Other characters to appear on the show from the
Hulk books were his super-smart arch-enemy, The Leader (Stan
Jones), and General Thunderbolt Ross (Robert
Ridgely), who headed up the task force dedicated
to stopping the Hulk. Hulk’s cousin Jennifer Walters made her first appearance
outside of comics since being introduced only two years prior as the
Savage She-Hulk (Victoria
Carroll, who happened to be the wife of Bell);
the result of needing a blood transfusion from her cousin when she was injured
and his gamma-irradiated blood mutating hers. The mechanical-limbed Dr.
Octopus (Bell) made an appearance from Spider-Man’s rogue gallery along with the Fantastic Four’s foe Puppet Master (Holt), who could control anyone by
molding their shape with radioactive clay. New characters introduced in the
series were Rio (Roberto Cruz) and his daughter Rita (Susan Blu), who served as comic relief and Rick’s girlfriend,
respectively. Stan Lee served as the series’ narrator.
The Incredible Hulk debuted on NBC on September 18, 1982. It was broadcast alongside the
second season and reruns of Spider-Man and his Amazing Friends in an hour-long block under the blanket title The
Incredible Hulk and the Amazing Spider-Man. The second season of Amazing
Friends ended up being only 3-episodes long due to Marvel Productions
dedicating all of their resources towards Hulk. The series was written
by Michael Reaves, Dennis
Marks, Arthur Browne Jr., Fred
Ladd, Martin Pasko, Misty
Stewart-Taggart, Paul Dini and Marc
Scott Zicree, with Marks serving as story editor.
The series was animated by Dong Seo
Animation and XAM! Productions. Johnny Douglas provided the music.
lasted a single season of 13 episodes. It was rerun for an additional season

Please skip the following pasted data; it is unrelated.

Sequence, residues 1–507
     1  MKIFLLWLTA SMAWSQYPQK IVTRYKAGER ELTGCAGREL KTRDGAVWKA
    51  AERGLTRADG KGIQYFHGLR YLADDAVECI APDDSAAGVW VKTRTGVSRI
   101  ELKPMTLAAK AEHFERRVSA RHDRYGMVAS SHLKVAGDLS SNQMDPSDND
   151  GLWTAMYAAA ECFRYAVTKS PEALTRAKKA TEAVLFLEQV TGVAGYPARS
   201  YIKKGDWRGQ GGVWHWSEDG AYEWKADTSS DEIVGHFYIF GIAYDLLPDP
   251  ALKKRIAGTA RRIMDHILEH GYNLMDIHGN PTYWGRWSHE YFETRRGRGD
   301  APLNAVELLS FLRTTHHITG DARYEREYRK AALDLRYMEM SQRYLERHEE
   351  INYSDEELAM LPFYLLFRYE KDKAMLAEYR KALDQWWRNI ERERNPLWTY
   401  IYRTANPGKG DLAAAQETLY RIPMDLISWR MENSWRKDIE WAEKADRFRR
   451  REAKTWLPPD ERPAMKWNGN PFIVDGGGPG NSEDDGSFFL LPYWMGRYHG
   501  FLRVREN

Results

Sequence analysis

alongside new episodes of Amazing Friends with the block retitled The
Amazing Spider-Man and the Incredible Hulk, and later as part of the Marvel Action Universe, which served as a
showcase of Marvel Productions programs. The episode “When Monsters Meet” was
adapted into comic form by Marvel as The
Incredible Hulk vs. Quasimodo in 1983, by regular Hulk contributors Bill Mantlo and Sal Buscema. Then-series editor Al Milgrom, dressed as the Hulk, appeared in a one-page
back-up feature explaining the origin of the story.
Two episodes were released to VHS as part of Prism Entertainment’s Marvel Comics
Video Library, as well as two volumes containing three-episodes each. The first episode was
released by Best
Film & Video Corp. on the second volume of
Matinee series. Starting in 2012, scenes from the show, as well as
Amazing Friends, were cut, edited ad re-dubbed into comical shorts as part
of the Marvel
Mash-Up segments of Disney XD’s Marvel Universe on Disney XD programming block. They were shown between episodes
Spider-Man and Avengers: Earth’s
Mightiest Heroes, which also starred the Hulk
with voices provided by Gabriel Mann and Fred Tatasciore. The series was made available to stream on Prime
Video and Google
Originally posted in 2015. Updated in 2022.